When Rwanda some three years ago floated the idea to relocate lions to the Akagera National Park after years without any of them seen, critics in particular from among some Kenyan conservationists were swift to argue that the country was ill prepared and the park not ready for such a translocation, shooting down plans between Kenya Wildlife Service and the Rwanda Development Board in flames.
Undeterred by such attempts to stop the project, the Rwanda Development Board went ahead and sought alternatives, which were last year found when two private South African game reserves, Phinda and Tembe Elephant Park in Kwa Zulu Natal, agreed to send five females and two males to Rwanda, where African Parks is managing Akagera under a joint venture with the Rwanda Development Board.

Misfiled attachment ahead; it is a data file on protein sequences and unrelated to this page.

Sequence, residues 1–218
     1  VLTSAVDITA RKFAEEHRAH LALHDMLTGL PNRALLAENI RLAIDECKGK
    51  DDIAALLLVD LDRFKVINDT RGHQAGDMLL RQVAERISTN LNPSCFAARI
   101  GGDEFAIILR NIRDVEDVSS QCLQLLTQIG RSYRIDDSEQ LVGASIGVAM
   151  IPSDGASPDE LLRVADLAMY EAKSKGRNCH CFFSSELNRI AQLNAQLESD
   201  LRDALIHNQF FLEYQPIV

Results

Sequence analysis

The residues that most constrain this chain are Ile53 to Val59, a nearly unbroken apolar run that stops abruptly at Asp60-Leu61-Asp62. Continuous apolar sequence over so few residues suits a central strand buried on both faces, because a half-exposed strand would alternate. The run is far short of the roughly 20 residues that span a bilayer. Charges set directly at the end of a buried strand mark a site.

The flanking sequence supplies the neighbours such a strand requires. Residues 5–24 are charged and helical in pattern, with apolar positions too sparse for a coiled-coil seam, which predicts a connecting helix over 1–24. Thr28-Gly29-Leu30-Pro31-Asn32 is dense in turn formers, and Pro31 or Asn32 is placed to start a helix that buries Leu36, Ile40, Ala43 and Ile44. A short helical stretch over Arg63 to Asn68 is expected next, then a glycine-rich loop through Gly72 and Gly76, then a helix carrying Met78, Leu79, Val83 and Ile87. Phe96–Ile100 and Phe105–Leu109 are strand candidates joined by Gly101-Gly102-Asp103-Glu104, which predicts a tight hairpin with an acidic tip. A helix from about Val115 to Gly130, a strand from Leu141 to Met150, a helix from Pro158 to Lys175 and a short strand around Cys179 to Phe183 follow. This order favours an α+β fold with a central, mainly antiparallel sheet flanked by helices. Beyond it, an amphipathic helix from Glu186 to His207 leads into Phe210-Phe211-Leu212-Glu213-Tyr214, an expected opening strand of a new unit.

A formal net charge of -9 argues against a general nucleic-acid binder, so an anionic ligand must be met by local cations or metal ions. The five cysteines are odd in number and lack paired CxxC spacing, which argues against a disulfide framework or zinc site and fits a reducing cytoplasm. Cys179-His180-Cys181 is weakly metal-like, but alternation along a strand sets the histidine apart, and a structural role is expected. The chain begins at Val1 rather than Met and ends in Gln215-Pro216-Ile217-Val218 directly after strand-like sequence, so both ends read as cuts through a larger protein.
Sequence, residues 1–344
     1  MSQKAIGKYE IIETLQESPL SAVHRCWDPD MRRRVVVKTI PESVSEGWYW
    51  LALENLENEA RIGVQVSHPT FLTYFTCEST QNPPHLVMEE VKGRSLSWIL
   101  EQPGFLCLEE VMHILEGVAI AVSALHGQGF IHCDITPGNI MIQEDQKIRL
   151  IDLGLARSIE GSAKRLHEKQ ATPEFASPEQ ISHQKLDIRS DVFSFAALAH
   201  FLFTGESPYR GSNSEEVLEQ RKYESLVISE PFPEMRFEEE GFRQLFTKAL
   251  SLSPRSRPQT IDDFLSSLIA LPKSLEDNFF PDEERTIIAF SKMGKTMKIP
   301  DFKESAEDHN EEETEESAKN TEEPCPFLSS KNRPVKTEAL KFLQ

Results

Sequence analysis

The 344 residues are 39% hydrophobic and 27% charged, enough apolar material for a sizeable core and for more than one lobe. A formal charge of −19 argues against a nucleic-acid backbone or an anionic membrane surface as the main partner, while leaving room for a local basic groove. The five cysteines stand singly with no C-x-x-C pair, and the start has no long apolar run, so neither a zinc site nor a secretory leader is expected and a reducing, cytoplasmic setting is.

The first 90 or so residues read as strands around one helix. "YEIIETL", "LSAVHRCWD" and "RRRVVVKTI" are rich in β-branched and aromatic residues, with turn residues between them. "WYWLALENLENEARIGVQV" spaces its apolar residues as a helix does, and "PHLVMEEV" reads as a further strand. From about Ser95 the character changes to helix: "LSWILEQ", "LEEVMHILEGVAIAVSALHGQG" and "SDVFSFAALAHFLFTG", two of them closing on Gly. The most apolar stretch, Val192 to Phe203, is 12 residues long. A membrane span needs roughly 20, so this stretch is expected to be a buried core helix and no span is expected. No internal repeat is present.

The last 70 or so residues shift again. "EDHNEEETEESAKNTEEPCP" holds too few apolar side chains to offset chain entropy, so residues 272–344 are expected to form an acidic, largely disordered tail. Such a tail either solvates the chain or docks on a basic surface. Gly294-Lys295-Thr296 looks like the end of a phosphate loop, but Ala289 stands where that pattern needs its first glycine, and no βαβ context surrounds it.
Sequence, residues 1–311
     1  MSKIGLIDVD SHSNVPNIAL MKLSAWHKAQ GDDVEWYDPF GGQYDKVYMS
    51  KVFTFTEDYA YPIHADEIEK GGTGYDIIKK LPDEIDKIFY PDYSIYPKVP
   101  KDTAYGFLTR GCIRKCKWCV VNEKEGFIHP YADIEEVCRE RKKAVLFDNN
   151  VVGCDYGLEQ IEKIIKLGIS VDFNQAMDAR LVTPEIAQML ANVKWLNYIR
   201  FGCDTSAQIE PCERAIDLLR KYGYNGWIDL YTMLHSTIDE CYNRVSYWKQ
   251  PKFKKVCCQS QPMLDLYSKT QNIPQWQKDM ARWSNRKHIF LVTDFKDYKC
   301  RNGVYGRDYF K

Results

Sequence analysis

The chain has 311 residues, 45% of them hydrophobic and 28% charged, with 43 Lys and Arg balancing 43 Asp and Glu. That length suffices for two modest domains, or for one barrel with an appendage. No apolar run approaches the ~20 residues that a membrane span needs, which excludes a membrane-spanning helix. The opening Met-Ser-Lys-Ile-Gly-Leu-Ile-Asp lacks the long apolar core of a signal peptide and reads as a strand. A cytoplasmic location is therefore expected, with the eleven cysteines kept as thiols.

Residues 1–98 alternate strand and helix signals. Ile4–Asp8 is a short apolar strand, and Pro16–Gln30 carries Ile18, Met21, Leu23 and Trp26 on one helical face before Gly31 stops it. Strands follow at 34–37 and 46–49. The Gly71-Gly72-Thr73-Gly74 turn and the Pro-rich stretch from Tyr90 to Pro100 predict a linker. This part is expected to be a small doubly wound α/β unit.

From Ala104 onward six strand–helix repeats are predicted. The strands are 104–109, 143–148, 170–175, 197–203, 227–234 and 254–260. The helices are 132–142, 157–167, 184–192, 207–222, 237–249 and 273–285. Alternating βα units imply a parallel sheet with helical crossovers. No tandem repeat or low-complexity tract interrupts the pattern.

The relocation went extremely well and a site visit to Akagera last year in September provided more than enough evidence that African Parks had done what was needed to keep the lions inside the park boundaries. The fences had been strengthened, separating the park from the neighboring farms and ranches, and to date, over a year since the relocation, not one report has emerged of either lions or other game breaking through the fence.
Now news has come in from Akagera that one of the lionesses has given birth to three cubs and that apparently at least two more are in the family way as well, giving the lion population a boost and providing exciting new sightings for ever more visitors streaming into the park. Local Rwandans are now in the majority of visitors, giving credibility to RDB’s efforts to promote domestic travel.
Akagera is one of now four national parks in Rwanda, together with Nyungwe Forest, Volcanoes – the gorilla park, and Gishwati Forest which was made a park by an act of parliament in September last year.